Search Engine College fee increase delayed by 48 hours

Just a quickie – due to time constraints with the updating of our 2Checkout shopping cart with the new course fees, our course pricing increase has been delayed for 48 hours until midnight on January 31. The shopping cart will reflect new pricing as of 12.01am on Feb 1.

So  this means that for the next 48 hours, you can enroll at Search Engine College for 2008 prices!

It seems word has spread via Twitter too, we’ve had a record number of enrollments this month – more than in any previous months since we launched Search Engine College back in 2004.

Don’t be left out! Join the cool kids, enroll today and save.

Short Blog Break

Hey gang

Just a short post to let you know there’ll be a break in blog transmission for the next week. I’m off on a short vacation to Australia so won’t get much time to blog or even to get online (oh the horror!)

Keep the fires burning and I’ll be back in the big chair on January 30 with news of my travels.


Design our 2009 Search Engine College T-Shirt, win big!

What will Search Engine Colleges 2009 t-shirt look like?

Ok, so our 2008 Search Engine College t-shirts were somewhat, um… uninspiring. I blame the fact that I had only two hours to get a design in to our printing company in order to get the order filled before SMX Sydney.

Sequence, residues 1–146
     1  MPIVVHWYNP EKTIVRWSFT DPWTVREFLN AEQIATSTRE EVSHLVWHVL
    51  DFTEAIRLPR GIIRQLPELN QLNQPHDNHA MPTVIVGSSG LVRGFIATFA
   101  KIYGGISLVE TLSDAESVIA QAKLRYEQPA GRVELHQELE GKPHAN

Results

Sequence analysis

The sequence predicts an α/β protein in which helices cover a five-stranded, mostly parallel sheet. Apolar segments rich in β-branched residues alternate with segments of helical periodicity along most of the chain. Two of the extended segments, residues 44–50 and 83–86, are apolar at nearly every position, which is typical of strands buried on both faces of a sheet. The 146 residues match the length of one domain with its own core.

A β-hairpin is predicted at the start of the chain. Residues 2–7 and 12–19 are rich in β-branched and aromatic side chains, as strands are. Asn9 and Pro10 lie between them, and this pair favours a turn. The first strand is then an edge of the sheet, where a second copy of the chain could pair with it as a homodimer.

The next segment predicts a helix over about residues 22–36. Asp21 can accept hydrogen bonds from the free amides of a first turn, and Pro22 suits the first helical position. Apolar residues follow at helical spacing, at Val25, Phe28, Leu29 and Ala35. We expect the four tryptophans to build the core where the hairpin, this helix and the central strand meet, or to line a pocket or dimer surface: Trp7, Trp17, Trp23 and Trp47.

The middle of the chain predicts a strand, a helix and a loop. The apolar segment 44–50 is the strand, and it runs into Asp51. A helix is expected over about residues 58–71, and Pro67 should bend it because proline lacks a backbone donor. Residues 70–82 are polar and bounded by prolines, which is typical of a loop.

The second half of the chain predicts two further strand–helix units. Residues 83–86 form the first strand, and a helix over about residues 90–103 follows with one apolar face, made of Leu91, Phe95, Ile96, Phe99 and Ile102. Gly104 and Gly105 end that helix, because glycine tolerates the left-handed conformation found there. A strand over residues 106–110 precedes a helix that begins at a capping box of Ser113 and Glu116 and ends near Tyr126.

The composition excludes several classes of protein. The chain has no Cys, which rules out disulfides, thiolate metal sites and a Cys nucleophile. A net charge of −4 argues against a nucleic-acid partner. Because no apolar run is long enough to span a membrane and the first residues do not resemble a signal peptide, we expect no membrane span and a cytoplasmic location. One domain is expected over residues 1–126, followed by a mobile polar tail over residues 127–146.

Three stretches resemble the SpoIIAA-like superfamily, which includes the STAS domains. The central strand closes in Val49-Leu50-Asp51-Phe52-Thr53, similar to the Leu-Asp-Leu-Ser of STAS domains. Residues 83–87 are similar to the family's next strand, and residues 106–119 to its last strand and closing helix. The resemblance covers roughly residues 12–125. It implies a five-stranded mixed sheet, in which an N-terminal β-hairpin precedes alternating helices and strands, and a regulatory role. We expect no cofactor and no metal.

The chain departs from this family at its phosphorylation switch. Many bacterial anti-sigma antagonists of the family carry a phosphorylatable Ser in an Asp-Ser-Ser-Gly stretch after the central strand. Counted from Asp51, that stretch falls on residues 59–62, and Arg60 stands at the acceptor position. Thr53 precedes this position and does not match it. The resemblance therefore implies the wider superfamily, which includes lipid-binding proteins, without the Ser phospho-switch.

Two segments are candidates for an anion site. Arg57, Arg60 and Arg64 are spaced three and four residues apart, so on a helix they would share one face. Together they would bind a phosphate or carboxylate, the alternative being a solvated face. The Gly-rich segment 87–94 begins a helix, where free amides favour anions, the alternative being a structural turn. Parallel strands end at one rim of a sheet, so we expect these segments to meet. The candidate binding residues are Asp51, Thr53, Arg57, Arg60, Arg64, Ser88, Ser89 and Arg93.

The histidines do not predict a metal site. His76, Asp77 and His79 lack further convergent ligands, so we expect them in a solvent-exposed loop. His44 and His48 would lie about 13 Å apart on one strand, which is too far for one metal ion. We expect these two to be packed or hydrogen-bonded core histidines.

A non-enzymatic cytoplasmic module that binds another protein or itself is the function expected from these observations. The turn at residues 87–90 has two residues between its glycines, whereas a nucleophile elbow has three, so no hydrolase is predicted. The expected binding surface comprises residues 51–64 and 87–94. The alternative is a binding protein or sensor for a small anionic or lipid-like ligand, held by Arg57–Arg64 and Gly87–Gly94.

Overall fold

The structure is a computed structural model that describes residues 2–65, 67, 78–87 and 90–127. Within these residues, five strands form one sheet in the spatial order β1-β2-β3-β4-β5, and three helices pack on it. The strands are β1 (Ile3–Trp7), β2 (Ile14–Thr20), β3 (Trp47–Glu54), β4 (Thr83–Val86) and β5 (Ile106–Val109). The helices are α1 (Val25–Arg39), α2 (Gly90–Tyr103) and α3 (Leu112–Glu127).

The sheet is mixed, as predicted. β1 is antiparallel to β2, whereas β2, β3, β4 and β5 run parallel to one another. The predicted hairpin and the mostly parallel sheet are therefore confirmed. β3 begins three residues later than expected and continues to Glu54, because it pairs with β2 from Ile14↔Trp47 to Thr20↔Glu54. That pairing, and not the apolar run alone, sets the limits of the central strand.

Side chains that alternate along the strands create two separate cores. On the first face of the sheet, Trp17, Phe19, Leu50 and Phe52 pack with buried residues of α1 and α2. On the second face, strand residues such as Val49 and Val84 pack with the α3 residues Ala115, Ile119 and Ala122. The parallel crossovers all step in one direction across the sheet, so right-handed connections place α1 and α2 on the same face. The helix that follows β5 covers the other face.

Unfortunately, it showed. The free tees weren’t exactly jumping off the booth counter at the conference. Apart from the design being *yawn* boring, part of the problem was that conference attendees are either industry vets or skilled SEO staff who felt that wearing a “class of 2008” t-shirt might make them seem like industry newbies.

Now I’ve seen lots of witty and irreverent conference tshirt designs around the place and I know we can do better.  So this is where you guys come in. We are looking for some inspirational designs for our 2009 Search Engine College t-shirt. You can suggest a design within the comments of this blog and I’ll set up a poll for readers to vote for the winner some time next month.